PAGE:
At Independence Hall, I saw a copy of the scroll from which Ben Gurion read. It is a tangible reminder that the Bible’s prophecies are sure, true, and always on time.

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Long live Israel!

Israel's Scroll of Independence

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Weary?

posted by jfletcher

One of the common criticisms of the Bible is that it is irrelevant, a human product full of mistakes.

Of course, the reality is, it’s neither of those things. As is discussed in this space—and will be a theme we hammer again and again—Bible prophecy is a jarring proof that Scripture is far ahead of its critics. It is a tremendous source of comfort for the rest of us.

There’s a lot of fear these days. A news report just from today tells us that widespread layoffs of state employees from around the country could commence this summer; many states are broke.

And I read last week that the earthquake that devastated Japan lifted a section of the sea floor measuring 150 miles long and 85 miles wide…and slammed it back down.

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Catastrophic things are happening in our world today. But Jesus Christ, far more than a revolutionary philosopher, has told us with certainty that in Him is true peace and rest from the assaults of this life. Here is your homework: read Ezekiel 37, and then contemplate recent history and the return of the Jews to their ancestral land. This is prophecy writ quite large. Gargantuan, in fact.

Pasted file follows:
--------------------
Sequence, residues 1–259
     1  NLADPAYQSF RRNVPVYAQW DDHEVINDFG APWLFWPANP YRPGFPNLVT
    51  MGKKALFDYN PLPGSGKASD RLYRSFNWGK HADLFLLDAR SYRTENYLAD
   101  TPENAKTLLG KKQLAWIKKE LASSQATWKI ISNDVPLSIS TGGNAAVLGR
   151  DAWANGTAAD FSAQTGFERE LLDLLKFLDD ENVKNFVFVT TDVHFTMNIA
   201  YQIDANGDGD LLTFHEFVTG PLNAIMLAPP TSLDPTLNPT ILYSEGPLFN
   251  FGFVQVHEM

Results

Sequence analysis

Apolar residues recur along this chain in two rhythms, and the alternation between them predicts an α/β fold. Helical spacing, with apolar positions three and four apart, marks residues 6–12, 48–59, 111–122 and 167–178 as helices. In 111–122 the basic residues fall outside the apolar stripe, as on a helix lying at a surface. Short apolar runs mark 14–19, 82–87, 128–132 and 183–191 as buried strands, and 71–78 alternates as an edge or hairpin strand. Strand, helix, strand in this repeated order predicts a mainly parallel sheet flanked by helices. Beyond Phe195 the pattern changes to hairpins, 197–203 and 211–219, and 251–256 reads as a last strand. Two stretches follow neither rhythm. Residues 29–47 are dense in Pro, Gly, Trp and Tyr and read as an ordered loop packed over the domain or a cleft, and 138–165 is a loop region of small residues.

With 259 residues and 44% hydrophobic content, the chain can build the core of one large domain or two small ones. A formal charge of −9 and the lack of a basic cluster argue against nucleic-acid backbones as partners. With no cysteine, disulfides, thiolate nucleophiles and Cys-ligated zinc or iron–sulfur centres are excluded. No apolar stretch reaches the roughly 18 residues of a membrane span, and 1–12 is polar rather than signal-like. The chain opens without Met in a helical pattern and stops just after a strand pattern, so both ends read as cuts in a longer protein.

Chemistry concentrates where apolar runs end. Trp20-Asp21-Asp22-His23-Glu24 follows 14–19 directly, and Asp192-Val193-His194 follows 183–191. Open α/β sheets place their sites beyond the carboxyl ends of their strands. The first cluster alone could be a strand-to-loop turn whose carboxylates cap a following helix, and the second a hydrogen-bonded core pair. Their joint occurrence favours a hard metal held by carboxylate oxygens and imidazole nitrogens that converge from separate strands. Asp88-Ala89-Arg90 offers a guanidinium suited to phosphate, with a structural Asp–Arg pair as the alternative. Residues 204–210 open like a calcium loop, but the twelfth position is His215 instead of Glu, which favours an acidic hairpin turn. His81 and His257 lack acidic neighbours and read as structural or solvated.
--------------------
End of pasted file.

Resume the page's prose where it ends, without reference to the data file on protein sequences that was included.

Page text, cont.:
Next read Matthew 11:28 and reflect on that. As an individual existing on this planet, you should listen to the voice of Jesus.

How does that make you feel?

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Earth-shattering Prophecy

posted by jfletcher

When the predicted earthquake didn’t hit Rome on May 11, what did you make of that?

Rome is still there!

Reuters circulated a story about the prediction of the late seismologist Raffaele Bendandi; it is said that he predicted a devastating earthquake would hit Rome on May 11, 2011. In fairness to Bendandi, who died in 1979, it is not clear that he made the prediction.

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Evidently others may have embellished.

Rome's Collesium

In any event, Rome had fewer tourists than normal that day.

The whole affair made me think that had I known in time, I would have planned for a Roman holiday (warning: bad joke in your rear-view mirror). I do not put much stock in the predictions of humans, but the predictions of God are another matter.

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For example, the Rome earthquake prediction will go the way of typical human prophecies. Yet the predictive prophecy found in the Bible is breathtaking in its detailed fulfillment.

Tyre fishermen spreading out their nets

Take the strange case of Tyre. Mentioned in Ezekiel 26, the description is that the fortress at Tyre (off the coast of modern Lebanon) would one day be demolished. It is even said that it will be just bare rock, where fishermen will spread their nets.

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Ezekiel lived in the sixth century B.C. Tyre was indeed demolished a few hundred years later in 332 B.C., when Alexander the Great and his Macedonian army built a causeway to the fortress and destroyed it.

I’ve seen photos of Lebanese fishermen drying their nets exactly as Exeziel said.

Some scholars would say Ezekiel’s prophecy was written after the fact, but the evidence doesn’t fit that scenario. Some people don’t like the idea of a God who can predict the future, so they twist and malign Scripture.

While man’s predictions often fail, God’s never fail. What are we to make of that?